Always Look on the Bright Side of Life ****
Eric Idle, Weidenfeld & Nicolson, R330
“I honestly think there are more hours of documentary about Python than there are hours of Python,” writes Eric Idle. “So, to the mass of mangled memories do I now add my own muddled, prejudiced, and deeply cynical account of what I think might have happened? Of course.”
In what he calls a “sortabiography”, Idle looks back over his 75 years, beginning with his dreadful childhood and ending with his comfortable life in California now, with a great many mad antics in between.
The book should come with a warning sticker: beware earworms.
If one of the best ways to appreciate life is to have had an unhappy childhood, he says, then he was very fortunate.
He was just three when his father was killed. Having survived the war as a rear gunner on a bomber, Ernest Idle was killed in a road accident hitching home for Christmas after being demobbed.
Idle’s mother sank into a depression and he was looked after by his grandparents. Then, when he was seven, he was sent away to a Dickensian school for orphans.
Beaten and bullied for 12 years, he developed a sharp tongue and an ever sharper sense of the ridiculous.
“Humour is a good defence against bullying. It’s hard to hit a smaller boy when you are laughing.”
It was a scholarship to Cambridge that saved Idle’s life. It was there he started writing comedy sketches and joined the famed Footlights Club. It was a springboard to what would eventually become Monty Python’s Flying Circus.
“George Harrison once said to me, ‘If we’d known we were going to be the Beatles we would have tried harder.’ I think the same could be said of Monty Python. How on Earth could we possibly know we would become them?”
There is much about the early days of Python that will delight fans, such as the genesis of some of their best-loved sketches. Idle wrote the “Nudge nudge” routine when he was barely out of university and it is said that Elvis loved it so much he called everyone “squire”.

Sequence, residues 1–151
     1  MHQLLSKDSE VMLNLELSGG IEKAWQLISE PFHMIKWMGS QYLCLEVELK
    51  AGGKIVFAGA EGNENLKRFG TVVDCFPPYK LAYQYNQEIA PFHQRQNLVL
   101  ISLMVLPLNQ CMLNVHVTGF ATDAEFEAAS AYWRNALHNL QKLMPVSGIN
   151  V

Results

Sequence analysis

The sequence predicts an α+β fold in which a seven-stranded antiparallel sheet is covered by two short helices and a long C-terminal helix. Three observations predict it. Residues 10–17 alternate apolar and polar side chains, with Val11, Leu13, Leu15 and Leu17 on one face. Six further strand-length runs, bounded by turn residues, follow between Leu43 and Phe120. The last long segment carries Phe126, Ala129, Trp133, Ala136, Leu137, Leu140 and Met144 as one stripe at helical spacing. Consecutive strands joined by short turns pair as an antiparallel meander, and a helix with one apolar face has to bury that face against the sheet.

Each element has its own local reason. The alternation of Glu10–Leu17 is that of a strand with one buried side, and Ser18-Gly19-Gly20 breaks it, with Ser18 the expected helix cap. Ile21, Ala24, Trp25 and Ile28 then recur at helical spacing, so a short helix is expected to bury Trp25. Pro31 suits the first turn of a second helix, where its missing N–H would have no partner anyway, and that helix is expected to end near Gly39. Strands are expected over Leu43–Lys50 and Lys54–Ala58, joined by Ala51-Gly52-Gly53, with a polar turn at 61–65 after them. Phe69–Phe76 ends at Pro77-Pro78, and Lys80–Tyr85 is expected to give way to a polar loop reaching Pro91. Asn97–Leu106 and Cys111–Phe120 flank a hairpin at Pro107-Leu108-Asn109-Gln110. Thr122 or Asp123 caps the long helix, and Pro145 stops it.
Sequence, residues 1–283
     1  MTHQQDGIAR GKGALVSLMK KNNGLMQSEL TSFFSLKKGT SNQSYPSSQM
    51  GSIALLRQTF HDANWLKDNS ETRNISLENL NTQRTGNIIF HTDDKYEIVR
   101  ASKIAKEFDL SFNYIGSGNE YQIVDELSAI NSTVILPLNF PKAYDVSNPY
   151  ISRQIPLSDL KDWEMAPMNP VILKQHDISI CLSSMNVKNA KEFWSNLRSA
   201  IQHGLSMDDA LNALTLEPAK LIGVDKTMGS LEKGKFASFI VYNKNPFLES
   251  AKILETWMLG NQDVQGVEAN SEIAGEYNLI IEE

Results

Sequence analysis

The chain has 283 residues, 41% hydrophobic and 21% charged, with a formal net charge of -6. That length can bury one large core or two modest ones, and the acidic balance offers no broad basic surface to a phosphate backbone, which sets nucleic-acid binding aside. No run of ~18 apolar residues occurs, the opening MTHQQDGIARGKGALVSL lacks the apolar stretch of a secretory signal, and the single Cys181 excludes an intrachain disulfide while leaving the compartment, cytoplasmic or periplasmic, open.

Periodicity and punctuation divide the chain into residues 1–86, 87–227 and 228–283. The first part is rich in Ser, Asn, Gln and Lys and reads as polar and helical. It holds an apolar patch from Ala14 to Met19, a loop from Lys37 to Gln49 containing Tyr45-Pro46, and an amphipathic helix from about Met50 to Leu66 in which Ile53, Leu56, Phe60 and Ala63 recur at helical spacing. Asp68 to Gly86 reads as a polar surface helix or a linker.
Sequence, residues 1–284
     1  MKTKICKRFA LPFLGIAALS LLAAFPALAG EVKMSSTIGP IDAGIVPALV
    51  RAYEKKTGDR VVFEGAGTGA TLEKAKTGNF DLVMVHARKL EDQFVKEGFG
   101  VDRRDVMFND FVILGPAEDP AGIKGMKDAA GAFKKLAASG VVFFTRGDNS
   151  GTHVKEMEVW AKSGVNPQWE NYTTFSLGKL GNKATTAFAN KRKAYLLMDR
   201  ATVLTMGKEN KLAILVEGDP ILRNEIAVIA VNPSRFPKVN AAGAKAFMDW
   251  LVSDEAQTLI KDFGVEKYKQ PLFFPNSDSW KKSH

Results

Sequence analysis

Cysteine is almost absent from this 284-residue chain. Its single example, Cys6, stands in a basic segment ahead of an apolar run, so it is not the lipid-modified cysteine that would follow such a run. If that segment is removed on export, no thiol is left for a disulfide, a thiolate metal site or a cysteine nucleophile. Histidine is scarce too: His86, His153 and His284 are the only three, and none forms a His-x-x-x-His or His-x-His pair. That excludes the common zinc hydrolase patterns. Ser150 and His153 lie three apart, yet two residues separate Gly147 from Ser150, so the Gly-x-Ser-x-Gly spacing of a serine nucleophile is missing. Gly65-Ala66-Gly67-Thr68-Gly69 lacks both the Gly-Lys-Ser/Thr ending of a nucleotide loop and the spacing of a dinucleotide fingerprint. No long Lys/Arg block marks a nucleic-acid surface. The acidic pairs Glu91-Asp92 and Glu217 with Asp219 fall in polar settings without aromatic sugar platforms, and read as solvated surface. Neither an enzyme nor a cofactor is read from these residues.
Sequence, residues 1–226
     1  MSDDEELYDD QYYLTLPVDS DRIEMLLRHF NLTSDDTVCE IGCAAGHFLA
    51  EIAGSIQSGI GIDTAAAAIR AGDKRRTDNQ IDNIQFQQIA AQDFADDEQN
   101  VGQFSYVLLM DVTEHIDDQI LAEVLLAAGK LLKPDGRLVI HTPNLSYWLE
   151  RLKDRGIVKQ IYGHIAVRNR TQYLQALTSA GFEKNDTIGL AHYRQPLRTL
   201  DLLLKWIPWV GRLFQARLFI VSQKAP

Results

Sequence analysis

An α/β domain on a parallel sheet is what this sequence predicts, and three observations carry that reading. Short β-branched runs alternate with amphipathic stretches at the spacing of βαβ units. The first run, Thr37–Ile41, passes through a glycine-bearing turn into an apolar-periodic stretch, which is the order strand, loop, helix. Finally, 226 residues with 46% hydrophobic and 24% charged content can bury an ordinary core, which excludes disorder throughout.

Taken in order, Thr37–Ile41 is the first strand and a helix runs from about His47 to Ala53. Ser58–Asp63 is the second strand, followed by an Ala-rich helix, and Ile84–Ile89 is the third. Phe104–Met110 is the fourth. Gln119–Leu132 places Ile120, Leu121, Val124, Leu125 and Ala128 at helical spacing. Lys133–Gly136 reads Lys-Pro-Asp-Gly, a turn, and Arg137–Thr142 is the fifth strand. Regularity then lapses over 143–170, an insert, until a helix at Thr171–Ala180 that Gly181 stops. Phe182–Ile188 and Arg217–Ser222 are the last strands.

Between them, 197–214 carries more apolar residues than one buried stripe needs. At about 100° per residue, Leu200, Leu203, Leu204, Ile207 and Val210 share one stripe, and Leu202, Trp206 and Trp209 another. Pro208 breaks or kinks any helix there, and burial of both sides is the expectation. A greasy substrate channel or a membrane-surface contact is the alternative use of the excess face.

The character of Brian from The Life of Brian was originally going to be the 13th disciple.
“He was given the job of trying to book a table for the Last Supper: ‘No we can’t do a table for thirteen. I can give you one of six, and then another for seven over by the window.’”
The film would never have been made were it not for ex-Beatle Harrison footing the bill. Asked why he had mortgaged his baronial home to finance the film, he said: “Because I wanted to see the movie.”
Idle name-drops with a front-end loader in this memoir: partying with Paul Simon, Andy Warhol, Billy Connolly, Prince Charles, Keith Moon, but you forgive him for it because it’s always such a hoot. He had very close friendships with Harrison and Robin Williams, and his notes on their passing are deeply moving.
Idle might have scores to settle – he hints at a few of them – but he’s not doing it here. Instead this is an account of a life very well lived.
He fesses up to some pretty bad behaviour in the early years – “In my case, fame went to my balls” – and his chronic infidelity led to the collapse of his first marriage. He’s been married to his second wife, Tania, for 41 years now and is a devoted father.
What strikes the reader is how hard he has worked, and still does. Even now he is busy writing the film version of his hit musical Spamalot.
He comes across as a genial, still mischievous old cove, and this book is nothing like the “muddled, prejudiced, and deeply cynical account of what I think might have happened” he promises.
He may have written the immortal lines “Life’s a piece of shit/when you look at it”, but Eric Idle’s life has been anything but. @michelemagwood